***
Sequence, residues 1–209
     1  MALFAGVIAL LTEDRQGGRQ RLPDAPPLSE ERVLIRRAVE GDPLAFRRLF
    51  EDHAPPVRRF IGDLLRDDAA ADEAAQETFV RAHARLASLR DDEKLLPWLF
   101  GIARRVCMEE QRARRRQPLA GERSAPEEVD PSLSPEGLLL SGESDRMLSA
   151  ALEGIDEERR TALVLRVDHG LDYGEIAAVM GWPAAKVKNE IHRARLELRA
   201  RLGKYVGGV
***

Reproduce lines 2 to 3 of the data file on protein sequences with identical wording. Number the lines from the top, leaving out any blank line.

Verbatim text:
     1  MALFAGVIAL LTEDRQGGRQ RLPDAPPLSE ERVLIRRAVE GDPLAFRRLF
    51  EDHAPPVRRF IGDLLRDDAA ADEAAQETFV RAHARLASLR DDEKLLPWLF